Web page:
MakerSpace Madness: Out of the 1, Many – Transforming Art in Multiple Ways
I spent yesterday casually demonstrating to the teens in the Teen MakerSpace how one project can turn into many, many projects. Making isn’t just about making, it’s about re-making and transforming. It’s about thinking outside of the box. It’s about pushing the limits of what you know and learning new things. So yesterday we explored how far we can take one project.
To begin, I was exploring making my own templates. The first template I made was freehand, and it was . . . okay. I then downloaded a pre-made template of the police box which I altered slightly because it turns out that cutting out a template is tedious. Not going to lie, it was not my favorite thing. The key to a good (and easy to cut out) template is to have big spaces and not a lot of lines, straight lines are definitely better. The police box is an easy template to create from scratch because it’s just squares, long rectangles and a triangle for the top light. It doesn’t hurt that I and my girls are huge Doctor Who fans.
I then used my template and a word template (“dream”) that we already had in the space to make a painting. Note: when making your own templates, words are hard. The easiest way to make a word template is to print your word out from a computer, though you’ll want to be careful about fonts.
For someone who is not a painter, I thought my original art piece turned out okay.
Next, I took a picture of my painting. I like to start with a picture that I have taken so that I don’t have to worry about copyright. I then use a variety of apps to transform my painting into ways that I can’t do freehand because I’m not really an artist. Apps are just my friend.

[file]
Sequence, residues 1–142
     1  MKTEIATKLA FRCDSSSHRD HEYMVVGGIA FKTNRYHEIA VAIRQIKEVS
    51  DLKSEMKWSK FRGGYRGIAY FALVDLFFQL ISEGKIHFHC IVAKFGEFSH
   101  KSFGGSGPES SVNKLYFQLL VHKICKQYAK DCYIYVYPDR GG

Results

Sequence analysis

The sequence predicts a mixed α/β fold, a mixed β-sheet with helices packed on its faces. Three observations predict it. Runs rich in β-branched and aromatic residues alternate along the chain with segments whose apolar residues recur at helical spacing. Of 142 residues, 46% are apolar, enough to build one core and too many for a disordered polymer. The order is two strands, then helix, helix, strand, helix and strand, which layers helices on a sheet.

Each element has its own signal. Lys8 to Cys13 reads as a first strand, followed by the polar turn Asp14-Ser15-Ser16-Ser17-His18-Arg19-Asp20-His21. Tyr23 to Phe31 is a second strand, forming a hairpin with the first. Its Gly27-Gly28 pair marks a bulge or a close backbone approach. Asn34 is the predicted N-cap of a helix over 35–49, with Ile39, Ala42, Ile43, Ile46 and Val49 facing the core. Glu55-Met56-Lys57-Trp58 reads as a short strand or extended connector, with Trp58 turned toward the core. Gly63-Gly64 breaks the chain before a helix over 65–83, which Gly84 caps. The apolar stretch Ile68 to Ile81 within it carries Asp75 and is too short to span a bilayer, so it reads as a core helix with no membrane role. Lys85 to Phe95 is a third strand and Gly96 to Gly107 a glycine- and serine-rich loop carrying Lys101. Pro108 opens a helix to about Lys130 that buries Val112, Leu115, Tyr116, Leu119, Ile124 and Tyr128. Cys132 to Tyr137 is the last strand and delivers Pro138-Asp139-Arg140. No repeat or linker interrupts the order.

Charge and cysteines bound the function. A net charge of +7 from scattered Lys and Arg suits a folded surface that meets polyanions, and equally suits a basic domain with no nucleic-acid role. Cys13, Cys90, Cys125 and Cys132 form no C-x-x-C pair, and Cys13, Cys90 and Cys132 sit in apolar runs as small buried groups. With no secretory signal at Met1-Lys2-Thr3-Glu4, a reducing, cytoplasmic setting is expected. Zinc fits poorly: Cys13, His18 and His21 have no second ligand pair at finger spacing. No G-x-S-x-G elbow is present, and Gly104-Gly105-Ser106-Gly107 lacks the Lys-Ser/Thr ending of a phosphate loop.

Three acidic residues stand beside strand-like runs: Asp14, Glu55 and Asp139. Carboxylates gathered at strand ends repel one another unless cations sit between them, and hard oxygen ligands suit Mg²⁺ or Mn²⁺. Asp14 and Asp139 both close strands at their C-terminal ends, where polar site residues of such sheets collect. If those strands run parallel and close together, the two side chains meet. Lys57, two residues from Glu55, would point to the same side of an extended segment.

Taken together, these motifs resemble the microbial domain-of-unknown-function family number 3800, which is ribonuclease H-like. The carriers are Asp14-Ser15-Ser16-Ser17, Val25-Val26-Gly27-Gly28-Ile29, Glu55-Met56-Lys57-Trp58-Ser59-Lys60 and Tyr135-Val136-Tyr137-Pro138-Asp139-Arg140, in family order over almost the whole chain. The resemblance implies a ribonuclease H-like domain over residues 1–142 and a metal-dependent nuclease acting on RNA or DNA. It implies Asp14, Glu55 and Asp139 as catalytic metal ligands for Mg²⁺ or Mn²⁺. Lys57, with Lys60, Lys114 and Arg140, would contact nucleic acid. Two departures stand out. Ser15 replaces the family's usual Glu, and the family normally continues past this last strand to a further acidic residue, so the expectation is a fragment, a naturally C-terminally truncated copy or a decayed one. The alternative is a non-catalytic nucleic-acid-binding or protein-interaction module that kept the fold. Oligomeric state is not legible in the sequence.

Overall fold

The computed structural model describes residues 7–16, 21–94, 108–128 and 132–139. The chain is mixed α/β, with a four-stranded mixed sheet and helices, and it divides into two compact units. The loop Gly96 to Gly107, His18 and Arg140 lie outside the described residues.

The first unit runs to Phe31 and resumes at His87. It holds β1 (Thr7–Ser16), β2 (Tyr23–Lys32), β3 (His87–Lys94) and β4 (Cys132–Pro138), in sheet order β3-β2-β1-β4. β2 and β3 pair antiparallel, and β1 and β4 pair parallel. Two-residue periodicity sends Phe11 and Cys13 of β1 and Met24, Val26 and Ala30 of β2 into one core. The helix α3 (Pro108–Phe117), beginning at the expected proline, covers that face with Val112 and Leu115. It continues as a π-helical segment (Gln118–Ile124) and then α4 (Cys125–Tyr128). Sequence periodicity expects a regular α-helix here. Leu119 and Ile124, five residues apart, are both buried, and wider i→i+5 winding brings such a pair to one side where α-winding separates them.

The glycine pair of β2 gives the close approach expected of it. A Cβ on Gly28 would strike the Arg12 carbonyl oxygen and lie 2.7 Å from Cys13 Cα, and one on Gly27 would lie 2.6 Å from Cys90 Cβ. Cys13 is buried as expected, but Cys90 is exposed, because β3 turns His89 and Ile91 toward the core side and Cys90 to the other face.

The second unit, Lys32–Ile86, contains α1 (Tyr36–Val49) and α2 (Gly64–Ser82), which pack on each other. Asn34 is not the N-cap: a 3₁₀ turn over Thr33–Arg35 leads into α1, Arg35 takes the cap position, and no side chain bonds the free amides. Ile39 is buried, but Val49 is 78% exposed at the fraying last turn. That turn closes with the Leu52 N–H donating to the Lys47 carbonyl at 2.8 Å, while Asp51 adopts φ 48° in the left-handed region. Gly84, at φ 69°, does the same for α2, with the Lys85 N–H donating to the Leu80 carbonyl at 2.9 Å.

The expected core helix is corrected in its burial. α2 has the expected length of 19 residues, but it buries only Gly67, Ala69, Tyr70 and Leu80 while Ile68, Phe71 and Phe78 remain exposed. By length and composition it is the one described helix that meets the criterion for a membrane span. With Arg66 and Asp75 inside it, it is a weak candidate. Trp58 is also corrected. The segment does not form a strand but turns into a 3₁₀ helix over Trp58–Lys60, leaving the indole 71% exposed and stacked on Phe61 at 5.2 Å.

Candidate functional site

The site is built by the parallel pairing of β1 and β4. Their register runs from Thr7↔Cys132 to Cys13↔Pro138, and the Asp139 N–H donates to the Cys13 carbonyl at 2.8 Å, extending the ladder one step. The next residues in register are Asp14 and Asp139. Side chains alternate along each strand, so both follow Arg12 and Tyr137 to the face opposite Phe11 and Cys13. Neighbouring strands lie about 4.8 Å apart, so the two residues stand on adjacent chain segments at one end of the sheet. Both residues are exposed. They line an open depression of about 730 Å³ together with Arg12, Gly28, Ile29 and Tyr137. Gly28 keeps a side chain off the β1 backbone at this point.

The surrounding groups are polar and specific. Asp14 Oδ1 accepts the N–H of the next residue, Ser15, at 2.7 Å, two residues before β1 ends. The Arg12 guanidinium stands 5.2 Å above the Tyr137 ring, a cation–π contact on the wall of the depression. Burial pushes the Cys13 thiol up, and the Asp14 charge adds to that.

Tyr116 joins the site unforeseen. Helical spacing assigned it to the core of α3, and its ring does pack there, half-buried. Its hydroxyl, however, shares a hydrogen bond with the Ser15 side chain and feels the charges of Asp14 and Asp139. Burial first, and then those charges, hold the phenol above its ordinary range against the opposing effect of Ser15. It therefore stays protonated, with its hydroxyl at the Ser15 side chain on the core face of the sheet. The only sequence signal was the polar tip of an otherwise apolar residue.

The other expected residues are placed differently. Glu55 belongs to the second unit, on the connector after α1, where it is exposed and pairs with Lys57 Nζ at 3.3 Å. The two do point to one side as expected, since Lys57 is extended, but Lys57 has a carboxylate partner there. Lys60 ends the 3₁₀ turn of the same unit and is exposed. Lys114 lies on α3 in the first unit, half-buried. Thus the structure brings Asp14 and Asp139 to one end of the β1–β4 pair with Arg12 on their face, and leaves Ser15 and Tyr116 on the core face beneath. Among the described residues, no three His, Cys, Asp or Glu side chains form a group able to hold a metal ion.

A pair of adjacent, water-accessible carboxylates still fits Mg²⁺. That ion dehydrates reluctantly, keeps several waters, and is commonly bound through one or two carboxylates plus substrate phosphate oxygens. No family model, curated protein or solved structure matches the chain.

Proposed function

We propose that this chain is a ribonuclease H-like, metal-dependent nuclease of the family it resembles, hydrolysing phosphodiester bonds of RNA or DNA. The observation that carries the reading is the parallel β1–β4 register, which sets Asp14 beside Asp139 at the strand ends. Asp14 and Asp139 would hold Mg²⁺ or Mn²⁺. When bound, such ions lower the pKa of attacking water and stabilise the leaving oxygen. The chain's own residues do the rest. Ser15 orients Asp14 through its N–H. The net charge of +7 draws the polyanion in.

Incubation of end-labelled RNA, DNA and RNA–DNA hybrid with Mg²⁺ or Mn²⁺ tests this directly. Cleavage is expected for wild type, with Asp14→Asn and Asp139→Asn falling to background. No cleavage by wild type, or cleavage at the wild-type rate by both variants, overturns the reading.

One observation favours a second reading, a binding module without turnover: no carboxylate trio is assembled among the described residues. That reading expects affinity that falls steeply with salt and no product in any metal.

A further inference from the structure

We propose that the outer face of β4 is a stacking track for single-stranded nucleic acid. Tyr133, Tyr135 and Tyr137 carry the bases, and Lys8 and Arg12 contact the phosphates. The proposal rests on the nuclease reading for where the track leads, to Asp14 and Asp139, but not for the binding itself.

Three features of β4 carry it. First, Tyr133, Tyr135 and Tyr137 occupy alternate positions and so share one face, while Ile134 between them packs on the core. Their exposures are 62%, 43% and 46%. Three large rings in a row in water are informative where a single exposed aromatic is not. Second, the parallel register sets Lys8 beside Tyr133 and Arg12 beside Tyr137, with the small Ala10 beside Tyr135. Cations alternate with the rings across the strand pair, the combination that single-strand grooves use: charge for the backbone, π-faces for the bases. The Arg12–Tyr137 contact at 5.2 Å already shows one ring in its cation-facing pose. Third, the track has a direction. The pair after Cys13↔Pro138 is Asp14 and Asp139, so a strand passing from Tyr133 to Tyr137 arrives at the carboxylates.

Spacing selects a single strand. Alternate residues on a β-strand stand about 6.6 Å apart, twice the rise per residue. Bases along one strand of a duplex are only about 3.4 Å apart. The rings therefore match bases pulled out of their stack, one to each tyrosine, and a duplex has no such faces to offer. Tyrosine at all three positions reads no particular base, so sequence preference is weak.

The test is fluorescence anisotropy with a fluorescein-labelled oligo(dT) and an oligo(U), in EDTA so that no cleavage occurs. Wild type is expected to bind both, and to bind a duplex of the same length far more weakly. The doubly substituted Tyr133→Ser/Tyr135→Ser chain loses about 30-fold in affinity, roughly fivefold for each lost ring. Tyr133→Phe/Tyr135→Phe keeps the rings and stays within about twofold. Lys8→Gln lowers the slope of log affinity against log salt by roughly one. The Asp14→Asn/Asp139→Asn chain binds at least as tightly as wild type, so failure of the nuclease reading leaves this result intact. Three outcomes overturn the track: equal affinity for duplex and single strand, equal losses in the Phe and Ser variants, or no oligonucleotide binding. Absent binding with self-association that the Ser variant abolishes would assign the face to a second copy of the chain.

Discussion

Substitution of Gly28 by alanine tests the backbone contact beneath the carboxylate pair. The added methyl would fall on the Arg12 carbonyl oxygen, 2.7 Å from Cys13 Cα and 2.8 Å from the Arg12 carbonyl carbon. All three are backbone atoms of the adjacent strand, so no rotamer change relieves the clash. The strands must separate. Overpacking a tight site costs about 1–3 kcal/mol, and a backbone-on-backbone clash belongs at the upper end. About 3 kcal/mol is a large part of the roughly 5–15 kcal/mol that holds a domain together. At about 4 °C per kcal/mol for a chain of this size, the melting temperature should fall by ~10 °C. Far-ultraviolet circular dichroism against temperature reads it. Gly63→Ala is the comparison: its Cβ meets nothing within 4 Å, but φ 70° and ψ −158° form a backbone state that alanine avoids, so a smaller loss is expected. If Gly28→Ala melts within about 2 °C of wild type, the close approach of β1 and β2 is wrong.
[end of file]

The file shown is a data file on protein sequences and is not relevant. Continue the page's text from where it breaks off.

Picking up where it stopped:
For example, here I used the Fused app to combine my painting with a galaxy looking background.
You can then use almost any app, including Instagram, to try out different filters until you find a look that you like. Some of my favorites include Enlight, Hipstamatic, and BeFunky.
I then used Instagmag to make a photo collage. There are other photo collage apps that you can use including Diptic and PhotoShake, I just happen to be a fan of Instamag’s graphics.
I then saved and printed my photo – after making it the proper size – to turn it into a button.
There are other things I can do with this as well:
Print my remixed photo onto transfer paper and make it into a t-shirt or tote bag.
Print my remixed photo and put it onto canvas to make wall art.
Re-size my photo to make original postcards.
The thing is, when you create one type of art, even something like a traditional painting, that doesn’t mean it has to stay in that same shape, form or even color.
And that’s the journey of one piece of art.
Filed under: Makerspace
About Karen Jensen, MLS
Karen Jensen has been a Teen Services Librarian for almost 30 years. She created TLT in 2011 and is the co-editor of The Whole Library Handbook: Teen Services with Heather Booth (ALA Editions, 2014).
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